Eight of the very hardest maths puzzles we could find

In the past month, the world has been gripped by a series of maths and logic puzzles that were originally set for children.

First came the parked car puzzle which was set as a test for primary school children in Hong Kong but many adults still found tricky to solve. Then came Cheryl's birthday, set for 15 to 16-year-olds in Singapore but seemingly impossible for anyone to solve. And finally this week came the rod and string conundrum which stumped 96 per cent of top maths students in the US when it first appeared back in the 1990s.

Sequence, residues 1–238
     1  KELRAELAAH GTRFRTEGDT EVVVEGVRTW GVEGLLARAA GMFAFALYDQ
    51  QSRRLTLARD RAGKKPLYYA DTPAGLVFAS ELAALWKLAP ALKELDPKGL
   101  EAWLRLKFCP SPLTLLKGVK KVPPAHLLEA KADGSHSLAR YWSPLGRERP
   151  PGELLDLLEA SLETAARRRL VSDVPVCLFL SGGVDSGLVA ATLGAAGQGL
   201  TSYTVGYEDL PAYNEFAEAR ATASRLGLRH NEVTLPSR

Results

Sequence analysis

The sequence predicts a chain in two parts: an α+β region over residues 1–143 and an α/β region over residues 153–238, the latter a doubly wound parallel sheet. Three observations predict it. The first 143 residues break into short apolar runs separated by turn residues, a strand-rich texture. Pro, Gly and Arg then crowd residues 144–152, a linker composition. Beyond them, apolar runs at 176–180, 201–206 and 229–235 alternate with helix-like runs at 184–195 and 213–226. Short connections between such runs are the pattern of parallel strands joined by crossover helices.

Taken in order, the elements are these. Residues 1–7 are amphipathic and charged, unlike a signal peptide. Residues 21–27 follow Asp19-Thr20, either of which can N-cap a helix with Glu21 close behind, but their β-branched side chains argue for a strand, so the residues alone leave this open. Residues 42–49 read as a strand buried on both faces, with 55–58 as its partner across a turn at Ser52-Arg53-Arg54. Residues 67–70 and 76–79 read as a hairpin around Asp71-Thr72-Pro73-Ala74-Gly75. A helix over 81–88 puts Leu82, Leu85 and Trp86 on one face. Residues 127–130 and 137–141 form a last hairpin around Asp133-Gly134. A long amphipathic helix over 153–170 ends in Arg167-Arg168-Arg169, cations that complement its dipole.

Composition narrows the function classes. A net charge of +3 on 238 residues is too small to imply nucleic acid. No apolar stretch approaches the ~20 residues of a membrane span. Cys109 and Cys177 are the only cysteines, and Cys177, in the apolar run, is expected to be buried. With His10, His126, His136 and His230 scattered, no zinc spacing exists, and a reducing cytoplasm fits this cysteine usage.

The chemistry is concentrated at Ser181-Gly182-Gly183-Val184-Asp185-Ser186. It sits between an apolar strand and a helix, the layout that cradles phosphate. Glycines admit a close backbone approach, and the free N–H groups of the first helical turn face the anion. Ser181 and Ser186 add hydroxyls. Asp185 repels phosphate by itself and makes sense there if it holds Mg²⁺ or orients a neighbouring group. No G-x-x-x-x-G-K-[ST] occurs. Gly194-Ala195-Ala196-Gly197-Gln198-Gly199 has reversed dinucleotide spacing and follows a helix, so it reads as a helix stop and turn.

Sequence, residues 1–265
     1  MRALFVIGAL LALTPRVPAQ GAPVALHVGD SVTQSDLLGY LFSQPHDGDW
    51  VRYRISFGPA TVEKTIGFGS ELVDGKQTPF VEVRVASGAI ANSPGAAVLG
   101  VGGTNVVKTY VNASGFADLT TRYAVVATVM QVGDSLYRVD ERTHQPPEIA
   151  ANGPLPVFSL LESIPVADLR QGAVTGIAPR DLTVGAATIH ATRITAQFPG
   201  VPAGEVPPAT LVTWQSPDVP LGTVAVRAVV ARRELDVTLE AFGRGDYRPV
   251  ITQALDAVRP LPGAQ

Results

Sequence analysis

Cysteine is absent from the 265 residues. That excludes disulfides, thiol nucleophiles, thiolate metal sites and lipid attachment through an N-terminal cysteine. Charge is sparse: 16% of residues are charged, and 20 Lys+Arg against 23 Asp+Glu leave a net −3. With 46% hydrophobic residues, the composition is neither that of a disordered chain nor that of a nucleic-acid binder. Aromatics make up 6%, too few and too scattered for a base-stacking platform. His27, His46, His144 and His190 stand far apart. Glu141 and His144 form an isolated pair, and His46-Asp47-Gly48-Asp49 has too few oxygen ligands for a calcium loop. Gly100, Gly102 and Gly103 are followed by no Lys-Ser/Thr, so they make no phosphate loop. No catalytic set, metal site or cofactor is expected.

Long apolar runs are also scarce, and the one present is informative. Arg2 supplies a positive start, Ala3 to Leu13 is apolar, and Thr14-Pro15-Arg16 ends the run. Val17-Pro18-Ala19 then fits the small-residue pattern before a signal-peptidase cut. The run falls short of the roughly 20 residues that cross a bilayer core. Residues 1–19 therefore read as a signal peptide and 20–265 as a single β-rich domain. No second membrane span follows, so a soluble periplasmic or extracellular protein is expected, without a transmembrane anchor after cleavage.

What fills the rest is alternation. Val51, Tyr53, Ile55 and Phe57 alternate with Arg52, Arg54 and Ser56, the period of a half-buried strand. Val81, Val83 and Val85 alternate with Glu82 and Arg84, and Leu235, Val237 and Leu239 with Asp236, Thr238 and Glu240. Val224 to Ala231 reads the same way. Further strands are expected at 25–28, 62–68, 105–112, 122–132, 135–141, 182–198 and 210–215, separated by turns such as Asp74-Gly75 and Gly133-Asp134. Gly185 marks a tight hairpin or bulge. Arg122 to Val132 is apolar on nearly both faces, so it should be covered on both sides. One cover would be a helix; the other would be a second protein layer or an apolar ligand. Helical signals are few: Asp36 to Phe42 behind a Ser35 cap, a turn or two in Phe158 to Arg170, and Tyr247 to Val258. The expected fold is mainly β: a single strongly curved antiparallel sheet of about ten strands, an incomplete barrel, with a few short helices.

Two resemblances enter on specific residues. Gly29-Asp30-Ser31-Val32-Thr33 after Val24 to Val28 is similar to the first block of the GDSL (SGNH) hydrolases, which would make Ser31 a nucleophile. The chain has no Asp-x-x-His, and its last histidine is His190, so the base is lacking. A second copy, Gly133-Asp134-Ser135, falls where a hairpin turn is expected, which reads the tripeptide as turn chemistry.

Because all have proved so popular, and many of you seem to have already solved the original three, we've pored through the records to find eight more puzzles to leave you chewing your pencil and pulling out your hair.

Let us know how you get on...

1. How to beat Roger Federer at Wimbledon

Thanks to a set of temporary magical powers you are in the final of the Wimbledon tennis championships up against seven-time winner Roger Federer. Your powers cannot last for the whole match and you must therefore choose the optimum time for them to run out. What is the score that gives you the maximum chance of winning?

Question via Peter Winkler.

Solution can be found here.

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